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Sun, Fujitsu stuff 32 cores into 4U Sparc server

The T5440 Sun/Fujitsu server packs up to four eight-core UltraSparc T2 processors in four units of rack space, ideal for data centers where space is at a premium.

Today, Sun Microsystems Inc. and Fujitsu Ltd. announced a new four-socket Sparc-based server that is a larger version...

of the 1U and 2U servers the companies released earlier this year.

For more on Unix servers:
Sun, Fujitsu pack 16 cores into 1U Sparc server

Sun Microsystems unveils Niagara UltraSparc T2 chip 

Comparing Unix operating system vulnerabilities

The new T5440 is a 4U, four-socket machine and can hold up to four UltraSparc T2 processors – each with eight processing cores – for a total of 32 possible processing cores. The server is a follow-up to the T5140 and T5240 released in April, each of which max out at 16 Sparc processing cores. Branding aside, the Sun and Fujitsu servers are the same.

David Simon, a chairman at Software as a Service startup SearchForce.com, said his company has considered a T5440 for its expanding business in Japan to deploy a data center in a box, as it were. The company's current data center in Sunnyvale, Calif., consists of three cabinets filled with Sun server, networking and storage equipment. If the company were to replicate these resources in Japan, it would cost $1 million.

"As chairman I would never authorize another million-dollar investment to go into an emerging market," he said. "But if I can basically do it on one box, that's a huge advantage to us."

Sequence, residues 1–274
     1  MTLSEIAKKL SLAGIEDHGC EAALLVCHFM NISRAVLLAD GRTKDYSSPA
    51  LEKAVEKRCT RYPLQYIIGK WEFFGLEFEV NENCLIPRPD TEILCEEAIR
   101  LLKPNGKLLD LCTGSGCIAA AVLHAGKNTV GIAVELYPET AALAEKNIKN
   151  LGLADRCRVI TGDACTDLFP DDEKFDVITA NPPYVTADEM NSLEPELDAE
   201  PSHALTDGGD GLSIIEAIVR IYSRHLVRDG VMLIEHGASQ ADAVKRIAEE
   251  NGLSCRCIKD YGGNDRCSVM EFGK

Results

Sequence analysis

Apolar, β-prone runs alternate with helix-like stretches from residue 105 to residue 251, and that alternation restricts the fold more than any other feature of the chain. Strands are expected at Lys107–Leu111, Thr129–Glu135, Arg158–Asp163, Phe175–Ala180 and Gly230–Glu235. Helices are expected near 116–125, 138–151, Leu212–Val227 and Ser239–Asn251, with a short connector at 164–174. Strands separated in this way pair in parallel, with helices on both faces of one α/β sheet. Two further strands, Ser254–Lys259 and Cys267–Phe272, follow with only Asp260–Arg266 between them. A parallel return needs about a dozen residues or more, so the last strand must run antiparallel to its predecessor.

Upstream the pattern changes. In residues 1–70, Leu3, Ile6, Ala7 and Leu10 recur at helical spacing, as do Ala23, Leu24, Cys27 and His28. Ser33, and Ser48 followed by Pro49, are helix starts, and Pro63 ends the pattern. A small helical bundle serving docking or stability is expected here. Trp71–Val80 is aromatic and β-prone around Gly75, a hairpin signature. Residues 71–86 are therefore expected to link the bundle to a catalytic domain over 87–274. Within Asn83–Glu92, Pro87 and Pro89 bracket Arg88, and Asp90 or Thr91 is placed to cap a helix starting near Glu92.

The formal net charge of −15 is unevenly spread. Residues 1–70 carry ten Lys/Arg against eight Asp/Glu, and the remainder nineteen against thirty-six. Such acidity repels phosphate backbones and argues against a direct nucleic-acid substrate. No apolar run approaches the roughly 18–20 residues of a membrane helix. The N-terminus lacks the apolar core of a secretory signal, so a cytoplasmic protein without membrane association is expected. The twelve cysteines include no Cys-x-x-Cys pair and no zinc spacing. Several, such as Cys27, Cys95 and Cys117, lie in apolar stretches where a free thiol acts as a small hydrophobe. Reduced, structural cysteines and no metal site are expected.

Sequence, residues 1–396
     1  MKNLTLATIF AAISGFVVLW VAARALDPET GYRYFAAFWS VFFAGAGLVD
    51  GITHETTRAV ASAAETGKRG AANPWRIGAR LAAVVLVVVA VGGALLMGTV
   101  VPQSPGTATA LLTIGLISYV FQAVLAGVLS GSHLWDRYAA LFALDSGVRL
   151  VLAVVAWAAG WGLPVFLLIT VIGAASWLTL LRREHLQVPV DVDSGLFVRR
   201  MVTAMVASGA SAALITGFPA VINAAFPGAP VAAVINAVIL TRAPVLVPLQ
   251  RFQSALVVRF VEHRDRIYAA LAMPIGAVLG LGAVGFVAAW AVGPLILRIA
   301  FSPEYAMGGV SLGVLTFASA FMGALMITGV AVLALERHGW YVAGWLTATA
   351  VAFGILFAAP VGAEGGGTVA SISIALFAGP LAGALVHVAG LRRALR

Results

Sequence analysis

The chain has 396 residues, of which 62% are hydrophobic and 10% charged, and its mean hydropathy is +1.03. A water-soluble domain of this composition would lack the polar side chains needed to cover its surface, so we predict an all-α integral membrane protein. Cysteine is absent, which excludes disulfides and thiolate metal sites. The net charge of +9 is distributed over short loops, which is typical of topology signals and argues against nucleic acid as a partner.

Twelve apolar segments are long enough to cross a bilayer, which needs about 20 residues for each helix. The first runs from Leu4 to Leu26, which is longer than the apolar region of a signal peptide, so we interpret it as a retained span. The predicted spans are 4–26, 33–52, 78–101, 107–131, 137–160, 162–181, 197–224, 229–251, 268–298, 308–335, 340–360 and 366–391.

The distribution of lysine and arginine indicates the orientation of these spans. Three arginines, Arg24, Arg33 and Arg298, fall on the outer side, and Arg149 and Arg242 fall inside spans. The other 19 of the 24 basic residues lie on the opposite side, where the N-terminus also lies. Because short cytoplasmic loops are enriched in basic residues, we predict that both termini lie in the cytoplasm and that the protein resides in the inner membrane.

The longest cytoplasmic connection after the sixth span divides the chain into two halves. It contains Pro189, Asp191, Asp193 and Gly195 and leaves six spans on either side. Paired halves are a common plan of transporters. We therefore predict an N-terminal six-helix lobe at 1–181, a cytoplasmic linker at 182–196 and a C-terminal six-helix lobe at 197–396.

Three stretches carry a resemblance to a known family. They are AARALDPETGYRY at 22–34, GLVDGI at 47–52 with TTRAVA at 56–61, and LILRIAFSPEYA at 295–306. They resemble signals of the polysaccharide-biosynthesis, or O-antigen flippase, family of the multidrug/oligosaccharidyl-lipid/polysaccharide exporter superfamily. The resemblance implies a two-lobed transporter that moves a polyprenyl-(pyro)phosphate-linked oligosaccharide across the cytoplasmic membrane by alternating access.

The T5440 can be equipped with one to four UltraSparc T2 processors running at 1.2 GHz or 1.4 GHz, with eight cores per processor, and up to 512 GB of memory. The box has begun shipping, starts at about $45,000 and maxes out at around $200,000.

Where space is at a premium
"Largely what we're seeing is customers are looking to save real estate and reduce environmental costs," said Tom Donnelly, Fujitsu's enterprise systems product manager. "The line between low end and midrange is becoming more muddled now, and you can get a lot more power for a lot less money."

Simon, who also works as a managing director for New London Associates, a New York City-based IT consulting company, said that the T5440 is a solid upgrade option for banks looking to increase their processing capability in space- and power-constrained Manhattan real estate.

He acknowledged that the higher clock speed of IBM's Power processors, for example, can be an advantage for online transaction processing and performing trades but said the lower clock speed is offset by Sun servers' bus architecture which allows more transactions to be processed in parallel, thus completing more total transactions in the same amount of time.

Let us know what you think about the story; email Mark Fontecchio, News Writer. You can also check out our Data Center Facilities Pro blog.

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